Hilltop: A Search Engine based on Expert Documents

Krishna Bharat
Compaq, Systems Research Center, Palo Alto, CA 94301
(Current Address: Google Inc., 2400 Bayshore Parkway,
Mountain View, CA 94043)
George A. Mihaila
Department of Computer Science
University of Toronto.


In response to a query a search engine returns a ranked list of documents. If the query is broad (i.e., it matches many documents) then the returned list is usually too long to view fully. Studies show that users usually look at only the top 10 to 20 results. In this paper, we propose a novel ranking scheme for broad queries that places the most authoritative pages on the query topic at the top of the ranking. Our algorithm operates on a special index of "expert documents." These are a subset of the pages on the WWW identified as directories of links to non-affiliated sources on specific topics. Results are ranked based on the match between the query and relevant descriptive text for hyperlinks on expert pages pointing to a given result page. We present a prototype search engine that implements our ranking scheme and discuss its performance. With a relatively small (2.5 million page) expert index, our algorithm was able to perform comparably on broad queries with the best of the mainstream search engines.

1 Introduction

When searching the WWW broad queries tend to produce a large result set. This set is hard to rank based on content alone, since the quality and "authoritativeness" of a page (namely, a measure of how authoritative the page is on the subject) cannot be assessed solely by analyzing its content. In traditional information retrieval we make the assumption that the articles in the corpus originate from a reputable source and all words found in an article were intended for the reader. These assumptions do not hold on the WWW since content is authored by sources of varying quality and words are often added indiscriminately to boost the page's ranking. For example, some pages are created to purposefully mislead search engines, and are known popularly as "spam" pages. The most virulent of spam techniques involves deliberately returning someone else's popular page to search engine robots instead of the actual page, to steal their traffic. Even when there is no intention to mislead search engines, the WWW tends to be crowded with information on topics popular with users. Consequently, for broad queries keyword matching seems inadequate.

Prior approaches that have used content analysis to rank broad queries on the WWW cannot distinguish between authoritative and non-authoritative pages (e.g., they fail to detect spam pages). Hence the ranking tends to be poor and search services have turned to other sources of information besides content to rank results. We next describe some of these ranking strategies, followed by our new approach to authoritative ranking - which we call Hilltop.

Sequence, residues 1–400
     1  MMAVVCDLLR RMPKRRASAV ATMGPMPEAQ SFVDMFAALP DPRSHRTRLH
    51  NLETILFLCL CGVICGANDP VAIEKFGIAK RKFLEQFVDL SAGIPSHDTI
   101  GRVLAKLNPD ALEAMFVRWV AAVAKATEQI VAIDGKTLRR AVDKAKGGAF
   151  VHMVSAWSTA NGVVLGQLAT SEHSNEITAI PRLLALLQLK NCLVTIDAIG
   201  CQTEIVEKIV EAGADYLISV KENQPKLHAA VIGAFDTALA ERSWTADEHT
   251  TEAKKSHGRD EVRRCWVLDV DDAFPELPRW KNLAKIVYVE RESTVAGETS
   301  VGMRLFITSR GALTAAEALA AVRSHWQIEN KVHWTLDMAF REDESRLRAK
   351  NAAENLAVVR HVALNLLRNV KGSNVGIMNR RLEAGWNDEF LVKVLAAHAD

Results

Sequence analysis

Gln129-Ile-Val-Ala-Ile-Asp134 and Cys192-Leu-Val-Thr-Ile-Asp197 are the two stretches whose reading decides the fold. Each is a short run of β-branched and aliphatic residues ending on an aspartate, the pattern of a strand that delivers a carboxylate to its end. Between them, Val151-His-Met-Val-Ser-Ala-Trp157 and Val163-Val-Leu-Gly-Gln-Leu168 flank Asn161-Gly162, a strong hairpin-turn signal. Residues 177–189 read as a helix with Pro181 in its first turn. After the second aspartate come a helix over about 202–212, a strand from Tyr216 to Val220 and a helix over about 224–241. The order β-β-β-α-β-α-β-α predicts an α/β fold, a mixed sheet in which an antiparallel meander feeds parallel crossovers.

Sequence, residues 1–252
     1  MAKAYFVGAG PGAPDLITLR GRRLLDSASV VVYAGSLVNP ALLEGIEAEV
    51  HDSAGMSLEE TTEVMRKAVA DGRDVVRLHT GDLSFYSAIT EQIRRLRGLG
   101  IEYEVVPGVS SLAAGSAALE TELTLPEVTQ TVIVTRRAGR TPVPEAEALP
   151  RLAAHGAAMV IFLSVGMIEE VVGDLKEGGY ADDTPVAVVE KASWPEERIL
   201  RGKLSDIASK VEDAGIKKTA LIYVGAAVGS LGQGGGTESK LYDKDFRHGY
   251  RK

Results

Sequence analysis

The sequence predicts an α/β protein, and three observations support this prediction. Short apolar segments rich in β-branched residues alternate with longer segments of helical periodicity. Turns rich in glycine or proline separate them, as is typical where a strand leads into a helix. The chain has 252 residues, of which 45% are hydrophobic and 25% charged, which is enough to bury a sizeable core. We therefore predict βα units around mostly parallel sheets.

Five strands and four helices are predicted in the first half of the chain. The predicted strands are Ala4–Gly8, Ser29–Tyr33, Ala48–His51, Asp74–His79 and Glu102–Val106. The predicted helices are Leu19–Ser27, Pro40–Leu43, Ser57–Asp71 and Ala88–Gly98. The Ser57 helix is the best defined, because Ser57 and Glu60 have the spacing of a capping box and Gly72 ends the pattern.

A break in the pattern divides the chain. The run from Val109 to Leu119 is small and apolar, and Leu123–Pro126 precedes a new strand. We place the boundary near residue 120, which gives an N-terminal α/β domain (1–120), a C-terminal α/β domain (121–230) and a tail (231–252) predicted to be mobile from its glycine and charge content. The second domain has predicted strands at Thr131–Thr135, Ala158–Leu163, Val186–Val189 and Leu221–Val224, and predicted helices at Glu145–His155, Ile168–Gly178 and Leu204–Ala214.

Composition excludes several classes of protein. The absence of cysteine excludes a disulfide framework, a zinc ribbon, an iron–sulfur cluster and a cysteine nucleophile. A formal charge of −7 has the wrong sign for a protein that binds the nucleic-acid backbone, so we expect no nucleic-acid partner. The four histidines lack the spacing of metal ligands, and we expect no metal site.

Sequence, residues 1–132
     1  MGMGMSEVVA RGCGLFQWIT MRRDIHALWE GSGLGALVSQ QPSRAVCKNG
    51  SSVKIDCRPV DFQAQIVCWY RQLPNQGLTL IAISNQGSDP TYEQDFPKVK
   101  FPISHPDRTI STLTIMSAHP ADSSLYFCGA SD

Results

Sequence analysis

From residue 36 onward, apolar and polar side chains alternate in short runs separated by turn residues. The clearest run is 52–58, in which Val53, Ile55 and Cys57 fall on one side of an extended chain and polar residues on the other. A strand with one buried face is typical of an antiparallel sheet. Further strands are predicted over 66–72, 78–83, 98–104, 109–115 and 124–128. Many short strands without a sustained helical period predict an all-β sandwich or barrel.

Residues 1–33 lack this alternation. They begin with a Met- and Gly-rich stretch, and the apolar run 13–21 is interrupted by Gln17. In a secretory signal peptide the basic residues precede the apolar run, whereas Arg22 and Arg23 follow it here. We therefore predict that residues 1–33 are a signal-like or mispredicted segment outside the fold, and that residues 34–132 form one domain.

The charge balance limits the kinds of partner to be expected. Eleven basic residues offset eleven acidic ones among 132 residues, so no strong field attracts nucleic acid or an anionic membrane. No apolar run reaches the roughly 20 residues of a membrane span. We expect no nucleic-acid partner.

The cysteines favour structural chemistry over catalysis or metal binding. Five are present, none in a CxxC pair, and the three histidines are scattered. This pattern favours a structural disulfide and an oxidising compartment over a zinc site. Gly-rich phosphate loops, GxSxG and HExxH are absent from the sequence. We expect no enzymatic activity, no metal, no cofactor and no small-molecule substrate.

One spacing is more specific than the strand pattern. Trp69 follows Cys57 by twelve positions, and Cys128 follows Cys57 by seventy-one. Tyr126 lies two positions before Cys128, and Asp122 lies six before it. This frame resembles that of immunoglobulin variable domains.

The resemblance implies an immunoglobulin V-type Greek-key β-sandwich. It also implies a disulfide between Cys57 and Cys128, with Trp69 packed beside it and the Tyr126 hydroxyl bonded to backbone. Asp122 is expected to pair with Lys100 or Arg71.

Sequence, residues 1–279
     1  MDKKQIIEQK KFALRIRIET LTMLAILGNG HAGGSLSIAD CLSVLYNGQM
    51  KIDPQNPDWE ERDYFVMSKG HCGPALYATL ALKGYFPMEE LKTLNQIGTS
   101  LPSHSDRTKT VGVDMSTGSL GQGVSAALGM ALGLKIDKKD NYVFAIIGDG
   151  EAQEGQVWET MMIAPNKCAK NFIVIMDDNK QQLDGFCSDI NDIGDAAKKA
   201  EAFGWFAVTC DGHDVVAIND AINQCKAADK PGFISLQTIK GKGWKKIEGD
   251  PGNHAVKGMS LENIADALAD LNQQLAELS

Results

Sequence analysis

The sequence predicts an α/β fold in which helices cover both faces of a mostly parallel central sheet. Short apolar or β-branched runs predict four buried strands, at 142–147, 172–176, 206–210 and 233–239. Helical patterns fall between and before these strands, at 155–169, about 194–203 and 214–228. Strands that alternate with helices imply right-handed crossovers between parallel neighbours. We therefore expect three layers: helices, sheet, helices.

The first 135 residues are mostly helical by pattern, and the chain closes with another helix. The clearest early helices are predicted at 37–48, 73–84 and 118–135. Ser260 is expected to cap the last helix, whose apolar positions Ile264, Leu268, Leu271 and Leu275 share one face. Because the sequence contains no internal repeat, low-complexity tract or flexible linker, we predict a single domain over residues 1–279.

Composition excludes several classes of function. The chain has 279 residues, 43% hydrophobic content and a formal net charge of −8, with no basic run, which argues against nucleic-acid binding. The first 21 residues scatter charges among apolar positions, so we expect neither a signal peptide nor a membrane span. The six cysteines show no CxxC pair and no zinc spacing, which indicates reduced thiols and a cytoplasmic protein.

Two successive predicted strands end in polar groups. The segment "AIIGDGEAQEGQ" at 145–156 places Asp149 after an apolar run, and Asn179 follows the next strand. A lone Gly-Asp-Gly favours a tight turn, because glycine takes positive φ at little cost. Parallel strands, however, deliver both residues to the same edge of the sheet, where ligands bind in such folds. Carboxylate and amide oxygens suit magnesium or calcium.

1.1 Related Work

Three approaches to improve the authoritativeness of ranked results have been taken in the past:

Ranking Based on Human Classification: Human editors have been used by companies such as Yahoo! and Mining Company to manually associate a set of categories and keywords with a subset of documents on the web. These are then matched against the user's query to return valid matches. The trouble with this approach is that: (a) it is slow and can only be applied to a small number of pages, and (b) often the keywords and classifications assigned by the human judges are inadequate or incomplete. Given the rate at which the WWW is growing and the wide variation in queries this is not a comprehensive solution.

Ranking Based on Usage Information: Some services such as DirectHit collect information on: (a) the queries individual users submit to search services and (b) the pages they look at subsequently and the time spent on each page. This information is used to return pages that most users visit after deploying the given query. For this technique to succeed a large amount of data needs to be collected for each query. Thus, the potential set of queries on which this technique applies is small. Also, this technique is open to spamming.

Ranking Based on Connectivity: This approach involves analyzing the hyperlinks between pages on the web on the assumption that: (a) pages on the topic link to each other, and (b) authoritative pages tend to point to other authoritative pages.

PageRank [Page et al 98] is an algorithm to rank pages based on assumption b. It computes a query-independent authority score for every page on the Web and uses this score to rank the result set. Since PageRank is query-independent it cannot by itself distinguish between pages that are authoritative in general and pages that are authoritative on the query topic. In particular a web-site that is authoritative in general may contain a page that matches a certain query but is not an authority on the topic of the query. In particular, such a page may not be considered valuable within the community of users who author pages on the topic of the query.

An alternative to PageRank is Topic Distillation [Kleinberg 97, Chakrabarti et al 98, Bharat et al 98, Chakrabarti et al 99]. Topic distillation first computes a query specific subgraph of the WWW. This is done by including pages on the query topic in the graph and ignoring pages not on the topic. Then the algorithm computes a score for every page in the subgraph based on hyperlink connectivity: every page is given an authority score. This score is computed by summing the weights of all incoming links to the page. For each such reference, its weight is computed by evaluating how good a source of links the referring page is. Unlike PageRank, Topic Distillation is only applicable to broad queries, since it requires the presence of a community of pages on the topic.